Lysis, Plato
Lysis
Plato
1:06 h Ideas Lvl 10.36
Lysis is a dialogue of Plato which discusses the nature of philia (φιλία), often translated as friendship, while the word's original content was of a much larger and more intimate bond. It is generally classified as an early dialogue. The main characters are Socrates, the boys Lysis and Menexenus who are friends, as well as Hippothales, who is in unrequited love with Lysis and therefore, after the initial conversation, hides himself behind the surrounding listeners.

Lysis

by
Plato

Translated by Benjamin Jowett, 1892


Lysis

Persons of the Dialogue:
Socrates, who is the narrator;
Menexenus;
Hippothales;
Lysis;
Ctesippus

Scene: - A newly-erected Palaestra outside the walls of Athens.

I was going from the Academy straight to the Lyceum, intending to take the outer road, which is close under the wall. When I came to the postern gate of the city, which is by the fountain of Panops, I fell in with Hippothales, the son of Hieronymus, and Ctesippus the Paeanian, and a company of young men who were standing with them. Hippothales, seeing me approach, asked whence I came and whither I was going.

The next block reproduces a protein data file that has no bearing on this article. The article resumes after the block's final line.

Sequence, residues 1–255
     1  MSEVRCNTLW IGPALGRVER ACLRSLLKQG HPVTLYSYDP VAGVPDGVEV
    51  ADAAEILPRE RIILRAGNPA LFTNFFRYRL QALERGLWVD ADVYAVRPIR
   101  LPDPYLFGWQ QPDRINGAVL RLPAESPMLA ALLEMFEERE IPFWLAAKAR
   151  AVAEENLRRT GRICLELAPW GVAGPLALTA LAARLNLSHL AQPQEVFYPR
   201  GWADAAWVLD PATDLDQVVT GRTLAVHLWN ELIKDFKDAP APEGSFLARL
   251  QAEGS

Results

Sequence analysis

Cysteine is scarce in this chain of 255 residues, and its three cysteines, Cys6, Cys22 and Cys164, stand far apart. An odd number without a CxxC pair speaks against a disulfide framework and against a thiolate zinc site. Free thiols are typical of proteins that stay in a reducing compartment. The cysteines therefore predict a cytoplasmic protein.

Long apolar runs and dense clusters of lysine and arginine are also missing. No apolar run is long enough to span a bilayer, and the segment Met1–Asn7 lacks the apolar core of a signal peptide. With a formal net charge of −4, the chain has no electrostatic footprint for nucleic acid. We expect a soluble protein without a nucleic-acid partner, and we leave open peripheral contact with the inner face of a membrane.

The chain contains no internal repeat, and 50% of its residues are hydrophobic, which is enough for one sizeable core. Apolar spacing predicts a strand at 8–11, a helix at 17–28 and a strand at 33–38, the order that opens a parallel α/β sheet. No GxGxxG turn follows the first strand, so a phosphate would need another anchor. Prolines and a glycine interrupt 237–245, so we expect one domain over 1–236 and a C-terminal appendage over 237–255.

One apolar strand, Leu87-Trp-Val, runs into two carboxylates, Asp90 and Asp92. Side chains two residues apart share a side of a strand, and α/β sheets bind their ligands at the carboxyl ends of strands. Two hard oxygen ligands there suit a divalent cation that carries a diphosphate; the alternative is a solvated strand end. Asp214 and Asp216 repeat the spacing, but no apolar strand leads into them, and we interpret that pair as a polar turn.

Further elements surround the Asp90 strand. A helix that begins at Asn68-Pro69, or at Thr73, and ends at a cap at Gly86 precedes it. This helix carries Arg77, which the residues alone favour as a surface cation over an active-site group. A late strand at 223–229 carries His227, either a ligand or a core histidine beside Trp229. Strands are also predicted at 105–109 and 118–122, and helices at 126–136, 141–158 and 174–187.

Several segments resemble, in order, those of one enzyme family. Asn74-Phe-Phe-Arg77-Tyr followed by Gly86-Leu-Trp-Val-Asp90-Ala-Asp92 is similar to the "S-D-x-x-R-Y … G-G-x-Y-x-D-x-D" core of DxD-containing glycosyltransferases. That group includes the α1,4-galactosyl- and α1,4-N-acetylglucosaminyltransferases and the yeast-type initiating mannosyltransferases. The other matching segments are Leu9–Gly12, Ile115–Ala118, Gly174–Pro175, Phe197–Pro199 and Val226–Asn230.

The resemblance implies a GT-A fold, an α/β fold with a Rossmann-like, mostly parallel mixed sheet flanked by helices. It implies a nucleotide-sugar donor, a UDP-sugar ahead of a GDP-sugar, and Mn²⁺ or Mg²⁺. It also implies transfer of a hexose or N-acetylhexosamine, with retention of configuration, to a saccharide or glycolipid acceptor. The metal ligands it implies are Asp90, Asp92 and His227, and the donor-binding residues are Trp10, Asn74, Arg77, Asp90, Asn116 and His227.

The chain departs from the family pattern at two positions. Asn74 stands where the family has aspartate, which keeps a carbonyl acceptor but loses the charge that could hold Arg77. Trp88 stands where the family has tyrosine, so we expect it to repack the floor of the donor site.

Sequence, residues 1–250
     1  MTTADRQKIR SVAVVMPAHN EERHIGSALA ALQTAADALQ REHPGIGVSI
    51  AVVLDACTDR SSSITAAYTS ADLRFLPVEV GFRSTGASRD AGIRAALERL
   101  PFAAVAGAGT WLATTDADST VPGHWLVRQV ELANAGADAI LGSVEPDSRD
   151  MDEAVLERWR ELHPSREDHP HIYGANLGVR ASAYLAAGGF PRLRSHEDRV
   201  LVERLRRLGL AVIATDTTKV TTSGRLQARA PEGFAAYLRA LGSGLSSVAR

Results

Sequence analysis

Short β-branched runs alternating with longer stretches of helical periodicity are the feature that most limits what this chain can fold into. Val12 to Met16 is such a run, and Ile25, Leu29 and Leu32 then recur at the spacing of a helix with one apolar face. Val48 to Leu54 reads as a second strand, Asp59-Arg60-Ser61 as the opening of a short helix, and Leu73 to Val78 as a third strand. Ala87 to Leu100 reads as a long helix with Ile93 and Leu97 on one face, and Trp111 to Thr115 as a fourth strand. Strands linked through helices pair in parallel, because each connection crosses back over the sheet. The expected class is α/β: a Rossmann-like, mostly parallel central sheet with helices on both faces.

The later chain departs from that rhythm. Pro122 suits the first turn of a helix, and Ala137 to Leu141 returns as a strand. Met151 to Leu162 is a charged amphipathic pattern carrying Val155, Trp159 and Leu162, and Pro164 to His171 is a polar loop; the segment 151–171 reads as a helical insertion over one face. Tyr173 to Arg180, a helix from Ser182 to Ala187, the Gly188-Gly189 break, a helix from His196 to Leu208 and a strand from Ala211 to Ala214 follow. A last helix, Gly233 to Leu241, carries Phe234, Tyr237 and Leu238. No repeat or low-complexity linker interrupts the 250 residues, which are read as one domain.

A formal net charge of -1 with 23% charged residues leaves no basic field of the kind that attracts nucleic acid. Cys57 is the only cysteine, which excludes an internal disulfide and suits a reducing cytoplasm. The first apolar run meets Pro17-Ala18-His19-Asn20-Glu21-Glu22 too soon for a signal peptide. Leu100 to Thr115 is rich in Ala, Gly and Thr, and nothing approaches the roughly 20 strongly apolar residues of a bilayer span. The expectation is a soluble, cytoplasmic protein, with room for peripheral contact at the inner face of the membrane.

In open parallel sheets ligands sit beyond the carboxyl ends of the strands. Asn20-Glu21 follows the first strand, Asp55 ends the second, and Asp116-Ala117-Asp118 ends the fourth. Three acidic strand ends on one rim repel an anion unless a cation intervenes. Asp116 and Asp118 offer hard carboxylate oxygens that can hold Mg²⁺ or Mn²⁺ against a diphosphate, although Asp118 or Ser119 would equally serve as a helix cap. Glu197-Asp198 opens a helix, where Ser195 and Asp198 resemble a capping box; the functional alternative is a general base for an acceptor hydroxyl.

I am going, I replied, from the Academy straight to the Lyceum.

Then come straight to us, he said, and put in here; you may as well.

Who are you, I said; and where am I to come?

He showed me an enclosed space and an open door over against the wall. And there, he said, is the building at which we all meet: and a goodly company we are.

And what is this building, I asked; and what sort of entertainment have you?

The building, he replied, is a newly erected Palaestra; and the entertainment is generally conversation, to which you are welcome.

Thank you, I said; and is there any teacher there?

Yes, he said, your old friend and admirer, Miccus.

Indeed, I replied; he is a very eminent professor.

Are you disposed, he said, to go with me and see them?

Yes, I said; but I should like to know first, what is expected of me, and who is the favourite among you?

Some persons have one favourite, Socrates, and some another, he said.

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